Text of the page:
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The Art of Persuasion

Lesson 14 of 19

Gain Power with Email


The Art of Persuasion

Lesson 14 of 19

Gain Power with Email


Lesson Info

Gain Power with Email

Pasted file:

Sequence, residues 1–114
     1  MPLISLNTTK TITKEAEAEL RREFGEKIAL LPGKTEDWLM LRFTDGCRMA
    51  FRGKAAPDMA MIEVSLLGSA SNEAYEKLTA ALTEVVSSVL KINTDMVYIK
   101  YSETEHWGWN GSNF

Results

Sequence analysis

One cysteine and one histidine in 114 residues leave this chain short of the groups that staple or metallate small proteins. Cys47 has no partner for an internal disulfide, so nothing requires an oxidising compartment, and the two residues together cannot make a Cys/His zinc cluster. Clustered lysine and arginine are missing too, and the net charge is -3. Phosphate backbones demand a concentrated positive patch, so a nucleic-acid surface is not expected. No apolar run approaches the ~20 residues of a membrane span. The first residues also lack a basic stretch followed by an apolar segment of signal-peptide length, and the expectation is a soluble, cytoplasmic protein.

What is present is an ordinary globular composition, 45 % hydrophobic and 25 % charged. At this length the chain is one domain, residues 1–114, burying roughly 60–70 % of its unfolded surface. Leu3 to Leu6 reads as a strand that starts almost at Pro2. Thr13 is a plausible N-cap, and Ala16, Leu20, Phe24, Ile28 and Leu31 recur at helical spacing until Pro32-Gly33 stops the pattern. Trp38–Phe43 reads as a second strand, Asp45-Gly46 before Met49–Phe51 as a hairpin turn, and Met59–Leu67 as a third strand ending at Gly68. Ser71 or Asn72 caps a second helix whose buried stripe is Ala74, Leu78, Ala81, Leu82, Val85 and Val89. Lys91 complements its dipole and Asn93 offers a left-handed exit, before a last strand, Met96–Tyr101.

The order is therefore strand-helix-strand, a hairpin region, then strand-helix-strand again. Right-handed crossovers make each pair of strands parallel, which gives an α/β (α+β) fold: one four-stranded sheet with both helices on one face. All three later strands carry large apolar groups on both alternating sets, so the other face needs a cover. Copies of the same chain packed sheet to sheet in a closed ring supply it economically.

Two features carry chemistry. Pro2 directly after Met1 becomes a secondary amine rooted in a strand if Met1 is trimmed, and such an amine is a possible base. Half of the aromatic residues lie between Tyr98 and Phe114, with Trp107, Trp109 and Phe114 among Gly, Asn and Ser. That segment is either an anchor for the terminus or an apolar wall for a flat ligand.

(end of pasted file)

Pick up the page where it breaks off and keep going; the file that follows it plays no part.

We're moving on now to email. This is relatively easy, but it's also gonna lead to other media. And we can let you steer this if you're willing to do it. I'm gonna talk about gaining power basically starting with the do's and the don'ts. This is gonna be really easy. Use the person's name. Duh. So here's the question though. Do you use the word dear so and so? Do you simply write the person's first name and a comma? What's the rhetorical answer? Depends. That depends, right? Let's move on, 'cause we're gonna get more into that in a little bit. Appropriate contact info. This should be obvious, and yet, most of the emails I get don't have contact info. It drives me crazy. Sometimes I need more than your email. I want your website. I wanna know you're at symbol, what you're using. What's your handle for Twitter and Instagram? What's your phone number if there's some opportunity to call you? And obviously, you don't wanna give out your phone number to everybody, but when it's appropria...